ESPNHS honors 18 female teen athletes who are doing remarkable things on the field, in the classroom and in their communities. Click here to read about each of them.
Jordan Sheridan, a junior at Christian Brothers Academy (Syracuse, N.Y.), has pitched 52 out of 52 games for the school's varsity softball team since she first took the mound as an eighth grader. (She was ready for varsity in seventh grade, but school rules forced her to wait, explained coach Greg Jewett.) At just 5-foot-5 she falls short of the typical pitcher's build, but Sheridan can propel the ball over the plate at a speedy 59 mph. Thanks to a mean riseball and changeup, she struck out 210 batters her freshman year, and she holds the school record for Ks, wins, shutouts and innings pitched.
Last year Jordan decided she could do more with her strikeouts than win games and set records: She wanted to fight hunger in Central New York, where nearly 30% of residents live in poverty. After volunteering at the Samaritan Center in downtown Syracuse, an interfaith soup kitchen, Jordan cooked up a plan to prove that "every little bit counts."
For the 2011 season, she printed up flyers advertising a campaign to "Strike Out Hunger." The gist: friends and family would pledge a donation per batter struck out by Jordan. The amounts were modest -- ranging from five cents from Jordan's 5-year-old sister up to a dollar. But they added up fast. Sheridan had 139 strikeouts on the season (after the state adopted a National Federation of State High School Associations (NFHS) rule that moved the pitching mound from 40 to 43 feet, the game became considerably less pitcher-dominant), the campaign racked up a grand total of $3,723.75 for the Samaritan Center.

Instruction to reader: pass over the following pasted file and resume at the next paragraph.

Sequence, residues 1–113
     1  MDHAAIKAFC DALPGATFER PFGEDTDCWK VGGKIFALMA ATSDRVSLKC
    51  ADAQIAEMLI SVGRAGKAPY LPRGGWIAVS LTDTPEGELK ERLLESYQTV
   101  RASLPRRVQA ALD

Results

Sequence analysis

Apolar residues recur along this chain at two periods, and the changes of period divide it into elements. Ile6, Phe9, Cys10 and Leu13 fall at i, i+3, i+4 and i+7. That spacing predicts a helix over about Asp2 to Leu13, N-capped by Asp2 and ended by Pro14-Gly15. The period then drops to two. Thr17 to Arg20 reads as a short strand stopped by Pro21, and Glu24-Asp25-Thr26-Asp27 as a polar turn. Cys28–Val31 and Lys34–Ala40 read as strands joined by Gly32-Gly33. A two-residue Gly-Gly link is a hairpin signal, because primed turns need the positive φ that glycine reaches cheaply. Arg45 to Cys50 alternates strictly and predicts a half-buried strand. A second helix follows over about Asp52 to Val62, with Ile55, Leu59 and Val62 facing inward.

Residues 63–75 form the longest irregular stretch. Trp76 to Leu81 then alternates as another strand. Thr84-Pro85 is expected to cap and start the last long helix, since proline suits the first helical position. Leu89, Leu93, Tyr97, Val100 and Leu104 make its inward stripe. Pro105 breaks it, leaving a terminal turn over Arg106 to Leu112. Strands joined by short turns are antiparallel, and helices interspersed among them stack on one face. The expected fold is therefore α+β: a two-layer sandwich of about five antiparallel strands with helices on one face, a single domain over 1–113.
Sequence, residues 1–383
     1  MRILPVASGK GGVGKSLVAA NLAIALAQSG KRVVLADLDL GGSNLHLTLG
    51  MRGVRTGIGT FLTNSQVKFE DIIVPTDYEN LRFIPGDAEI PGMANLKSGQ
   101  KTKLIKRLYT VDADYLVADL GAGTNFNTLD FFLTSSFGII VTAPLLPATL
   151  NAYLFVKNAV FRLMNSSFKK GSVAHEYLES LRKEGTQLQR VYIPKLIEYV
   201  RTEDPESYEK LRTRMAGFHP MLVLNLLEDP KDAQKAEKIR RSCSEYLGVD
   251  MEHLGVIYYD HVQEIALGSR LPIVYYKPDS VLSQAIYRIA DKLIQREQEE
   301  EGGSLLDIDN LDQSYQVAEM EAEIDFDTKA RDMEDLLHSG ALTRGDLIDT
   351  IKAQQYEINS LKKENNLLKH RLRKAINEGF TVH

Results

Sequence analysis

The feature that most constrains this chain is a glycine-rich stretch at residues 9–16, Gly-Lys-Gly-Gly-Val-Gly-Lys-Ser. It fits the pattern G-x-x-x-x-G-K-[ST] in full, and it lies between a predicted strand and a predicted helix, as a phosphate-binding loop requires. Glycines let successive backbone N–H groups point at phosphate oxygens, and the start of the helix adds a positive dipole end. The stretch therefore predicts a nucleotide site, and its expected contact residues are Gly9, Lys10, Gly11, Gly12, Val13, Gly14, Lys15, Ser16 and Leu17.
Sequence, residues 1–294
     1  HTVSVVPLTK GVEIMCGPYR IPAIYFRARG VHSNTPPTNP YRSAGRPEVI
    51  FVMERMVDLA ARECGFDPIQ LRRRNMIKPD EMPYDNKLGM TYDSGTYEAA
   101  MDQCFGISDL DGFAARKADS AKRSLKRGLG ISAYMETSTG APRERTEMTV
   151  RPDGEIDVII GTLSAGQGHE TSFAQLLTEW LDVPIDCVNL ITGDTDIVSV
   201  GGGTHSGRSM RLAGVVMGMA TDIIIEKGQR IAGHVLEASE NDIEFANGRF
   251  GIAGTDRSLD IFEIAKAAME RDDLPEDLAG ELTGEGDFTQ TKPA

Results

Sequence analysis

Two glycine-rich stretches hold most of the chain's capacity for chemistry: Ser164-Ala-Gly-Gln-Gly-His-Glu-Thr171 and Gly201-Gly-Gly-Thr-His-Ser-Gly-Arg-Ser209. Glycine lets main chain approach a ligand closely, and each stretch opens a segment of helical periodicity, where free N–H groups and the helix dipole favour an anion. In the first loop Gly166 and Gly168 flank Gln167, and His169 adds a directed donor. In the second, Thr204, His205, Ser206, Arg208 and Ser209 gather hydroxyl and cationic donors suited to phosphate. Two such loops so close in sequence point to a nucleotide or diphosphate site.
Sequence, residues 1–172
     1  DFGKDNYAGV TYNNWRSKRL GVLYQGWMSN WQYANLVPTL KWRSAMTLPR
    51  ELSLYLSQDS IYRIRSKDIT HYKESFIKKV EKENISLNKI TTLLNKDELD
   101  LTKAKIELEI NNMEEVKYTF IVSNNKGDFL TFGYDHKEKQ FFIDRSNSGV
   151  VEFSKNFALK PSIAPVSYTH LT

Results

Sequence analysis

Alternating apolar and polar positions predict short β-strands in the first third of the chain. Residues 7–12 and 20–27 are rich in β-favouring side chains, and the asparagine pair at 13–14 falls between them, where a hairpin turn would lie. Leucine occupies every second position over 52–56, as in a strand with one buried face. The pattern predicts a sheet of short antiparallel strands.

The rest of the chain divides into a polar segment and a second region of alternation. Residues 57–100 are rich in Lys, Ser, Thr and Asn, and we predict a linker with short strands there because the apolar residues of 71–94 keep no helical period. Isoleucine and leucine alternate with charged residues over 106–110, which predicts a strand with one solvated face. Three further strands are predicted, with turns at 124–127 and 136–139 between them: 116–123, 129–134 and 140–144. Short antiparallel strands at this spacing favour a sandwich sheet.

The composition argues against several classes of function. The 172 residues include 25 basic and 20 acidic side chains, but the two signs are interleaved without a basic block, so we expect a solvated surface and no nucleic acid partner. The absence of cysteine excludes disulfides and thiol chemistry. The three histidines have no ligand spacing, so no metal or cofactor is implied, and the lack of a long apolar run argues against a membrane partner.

But she's not done yet. This year the campaign is slated to double in size, as Christian Brothers Academy's baseball team will join Sheridan's efforts. "A lot more people my age and younger are volunteering," Sheridan said. "Probably because we see [hunger] a lot too."
While Lori Lichorobiec, development director for the Samaritan Center, agrees there are a lot of teens among the 800-plus volunteers who work at the center monthly, Sheridan stands out. "We were amazed at how much she was able to raise," she said. Jewett agreed: While he's seen kids raise money before, it's never been this big or this self-directed. "I didn't make her do this," he said. "She came to me with the idea."
But beyond her donation -- which dished up about 3,256 hot meals -- Sheridan is most proud of the awareness she was able to create. "When I went back to the Samaritan Center I saw the photographer who interviewed me for a story there volunteering with his family," she said.